Formerly, “in the Easter holidays, was the Clarke's-ale for his private benefit, and the solace of the neighbourhood.” Our ancestors were abundant drinkers; they had their “bride-ales,” church-ales,” and other sort of ales, and their feats of potation were so great as to be surprising to their posterity; the remainder of whom, in good time, shall be more generally informed of these regular drinking bouts. “ Easter-ale” was not always over with Easter week. Excessive fasting begat excessive feasting, and there was no feast in old times without excessive drinking. A morning head-ache from the contents of the tankard was cured by “a hair of the same dog,”—a phrase.well understood by hard-drinkers, signifying that madness from drinking was to be cured by the madness of drinking again. It is in common use with drinkers of punch.
There are frequently mornings in March, when a lover of nature may enjoy, in a stroll, sensations not to be exceeded, or, perhaps, equalled by any thing which the full glory of summer can awaken :mornings, which tempt us to cast the memory of winter, or the fear of its recurrence out of our thoughts. The air is mild and balmy, with, now and then, a
however, they are to be seen in all their glory—blue and white—modestly peering through their thickly clustering leaves. The lark is carolling in the blue fields of air; the blackbird and thrush are again shouting and replying to each other from the tops of the highest trees. As you pass cottages, they have caught the happy infection. There are windows thrown open, and doors standing a-jar. The inhabitants are in their gardens, some cleaning away rubbish, some turning up the light and fresh-smelling soil amongst the tufts of snowdrops and rows of glowing yellow crocuses, which every where abound; and the children, ten to one, are busy peeping into the first bird's-nest of the season—the hedge-sparrow's, with its four blue eggs, snugly, but unwisely, built in the pile of old pea-rods. In the fields the labourers are plashing and trimming the hedges, and in all directions are teams at plough. You smell the wholesome, and we may truly say, aromatic soil, as it is turned up to the sun, brown and rich, the whole country over It is delightful as you pass along deep hollow lanes, or are hidden in copses, to hear the tinkling gears of the horses, and the clear voices of the lads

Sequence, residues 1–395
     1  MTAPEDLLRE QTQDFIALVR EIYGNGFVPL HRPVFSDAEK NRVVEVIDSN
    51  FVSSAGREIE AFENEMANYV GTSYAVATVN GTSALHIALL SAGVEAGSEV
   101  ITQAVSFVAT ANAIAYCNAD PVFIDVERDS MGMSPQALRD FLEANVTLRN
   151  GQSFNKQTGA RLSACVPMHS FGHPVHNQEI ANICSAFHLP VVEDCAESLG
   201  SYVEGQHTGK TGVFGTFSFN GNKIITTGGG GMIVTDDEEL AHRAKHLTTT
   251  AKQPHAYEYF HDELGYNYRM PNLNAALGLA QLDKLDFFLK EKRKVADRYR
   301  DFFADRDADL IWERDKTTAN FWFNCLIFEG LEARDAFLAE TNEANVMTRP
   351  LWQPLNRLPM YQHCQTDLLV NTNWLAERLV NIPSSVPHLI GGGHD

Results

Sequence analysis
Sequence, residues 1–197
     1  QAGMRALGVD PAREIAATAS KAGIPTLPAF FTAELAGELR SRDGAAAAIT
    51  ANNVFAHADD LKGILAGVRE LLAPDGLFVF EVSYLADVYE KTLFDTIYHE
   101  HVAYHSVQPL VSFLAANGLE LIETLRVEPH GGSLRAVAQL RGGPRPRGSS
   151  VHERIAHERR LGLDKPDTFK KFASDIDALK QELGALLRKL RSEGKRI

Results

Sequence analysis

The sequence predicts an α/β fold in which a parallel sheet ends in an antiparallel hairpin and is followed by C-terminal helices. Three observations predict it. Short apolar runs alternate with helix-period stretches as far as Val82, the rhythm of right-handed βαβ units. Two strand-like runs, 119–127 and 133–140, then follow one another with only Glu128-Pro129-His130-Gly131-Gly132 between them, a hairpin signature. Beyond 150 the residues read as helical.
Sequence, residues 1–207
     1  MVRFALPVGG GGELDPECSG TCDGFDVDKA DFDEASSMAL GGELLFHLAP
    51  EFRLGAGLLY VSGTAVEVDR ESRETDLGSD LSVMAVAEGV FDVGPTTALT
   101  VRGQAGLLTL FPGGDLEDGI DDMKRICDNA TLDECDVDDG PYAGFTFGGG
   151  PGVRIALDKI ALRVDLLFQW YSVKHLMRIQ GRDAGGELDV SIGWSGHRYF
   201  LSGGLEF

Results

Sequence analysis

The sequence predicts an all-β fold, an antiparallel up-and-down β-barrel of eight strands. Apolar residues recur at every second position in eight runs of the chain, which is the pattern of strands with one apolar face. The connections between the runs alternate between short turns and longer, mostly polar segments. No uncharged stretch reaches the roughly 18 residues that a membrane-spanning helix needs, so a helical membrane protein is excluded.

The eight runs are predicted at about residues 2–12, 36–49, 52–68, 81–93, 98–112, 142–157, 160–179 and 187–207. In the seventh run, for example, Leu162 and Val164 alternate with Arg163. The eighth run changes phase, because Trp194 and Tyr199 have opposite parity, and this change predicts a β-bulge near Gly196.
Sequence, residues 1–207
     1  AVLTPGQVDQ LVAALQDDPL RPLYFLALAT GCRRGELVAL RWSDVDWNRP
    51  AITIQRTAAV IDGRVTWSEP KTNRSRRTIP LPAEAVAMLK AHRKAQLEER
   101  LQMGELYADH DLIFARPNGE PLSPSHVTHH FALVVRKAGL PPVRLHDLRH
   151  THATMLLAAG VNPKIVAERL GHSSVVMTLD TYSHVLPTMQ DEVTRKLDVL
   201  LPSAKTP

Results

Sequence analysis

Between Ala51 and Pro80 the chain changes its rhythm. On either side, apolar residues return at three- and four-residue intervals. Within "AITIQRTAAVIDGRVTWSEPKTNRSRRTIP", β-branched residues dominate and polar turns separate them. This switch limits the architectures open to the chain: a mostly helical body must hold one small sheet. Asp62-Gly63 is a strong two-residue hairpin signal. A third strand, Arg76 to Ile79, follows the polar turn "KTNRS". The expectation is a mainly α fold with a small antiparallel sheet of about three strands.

calling to them. It is not less pleasant to catch the busy caw of the rookery, and the first meek cry of the young lambs. The hares are hopping about the fields, the excitement othe season overcoming their habitual timidity. The bees are revelling in the yellow catkins of the sallow. The woods, though yet unadorned with their leafy garniture, are beautiful to look on. They seem flushed with life. Their boughs are of a clear and gloss lead colour, and the tree-tops are . with the vigorous hues of brown, red, and purple; and if you plunge into their solitudes, there are symptoms of revivification under your feet, the springing mercury, and green blades of the blue-bells— and perhaps, above you, the early nest of the missel-thrush perched between the boughs of a young oak, to tinge your thoughts with the anticipation of summer. These are mornings not to be neglected by the lover of nature; and if not neglected, then, not to be forgotten, for they will stir the springs of memory, and make us live over again times and seasons, in which we cannot, for the pleasure and the purity of our spirits, live too much. Nottingham. W. II.